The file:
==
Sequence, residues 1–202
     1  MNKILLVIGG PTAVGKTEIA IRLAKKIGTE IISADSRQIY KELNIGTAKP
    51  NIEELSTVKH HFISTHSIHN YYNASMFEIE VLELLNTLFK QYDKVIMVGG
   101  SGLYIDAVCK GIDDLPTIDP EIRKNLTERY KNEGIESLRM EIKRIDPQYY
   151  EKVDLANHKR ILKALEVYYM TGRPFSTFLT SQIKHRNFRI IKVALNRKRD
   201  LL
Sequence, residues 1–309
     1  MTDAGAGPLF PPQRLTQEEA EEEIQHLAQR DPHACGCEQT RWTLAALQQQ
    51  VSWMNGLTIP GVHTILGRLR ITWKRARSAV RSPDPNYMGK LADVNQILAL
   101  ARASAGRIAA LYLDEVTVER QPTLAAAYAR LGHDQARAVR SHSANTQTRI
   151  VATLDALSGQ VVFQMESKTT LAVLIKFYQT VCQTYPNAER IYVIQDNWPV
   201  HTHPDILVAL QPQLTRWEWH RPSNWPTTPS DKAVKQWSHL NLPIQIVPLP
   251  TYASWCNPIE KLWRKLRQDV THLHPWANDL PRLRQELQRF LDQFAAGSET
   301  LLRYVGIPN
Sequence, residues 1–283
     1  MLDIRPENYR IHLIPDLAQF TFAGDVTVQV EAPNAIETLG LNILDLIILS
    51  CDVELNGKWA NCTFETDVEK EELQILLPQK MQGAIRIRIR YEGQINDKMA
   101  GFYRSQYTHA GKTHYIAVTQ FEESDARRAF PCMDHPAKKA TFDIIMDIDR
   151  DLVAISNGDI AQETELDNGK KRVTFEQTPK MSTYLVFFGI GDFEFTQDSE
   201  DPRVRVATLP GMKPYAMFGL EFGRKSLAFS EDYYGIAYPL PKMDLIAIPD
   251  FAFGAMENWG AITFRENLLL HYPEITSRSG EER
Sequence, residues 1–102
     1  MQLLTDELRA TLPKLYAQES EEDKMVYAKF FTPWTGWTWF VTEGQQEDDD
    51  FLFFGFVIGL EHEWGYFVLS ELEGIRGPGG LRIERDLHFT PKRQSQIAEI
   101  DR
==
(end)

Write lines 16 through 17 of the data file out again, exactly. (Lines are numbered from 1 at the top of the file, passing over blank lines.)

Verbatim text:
     1  MLDIRPENYR IHLIPDLAQF TFAGDVTVQV EAPNAIETLG LNILDLIILS
    51  CDVELNGKWA NCTFETDVEK EELQILLPQK MQGAIRIRIR YEGQINDKMA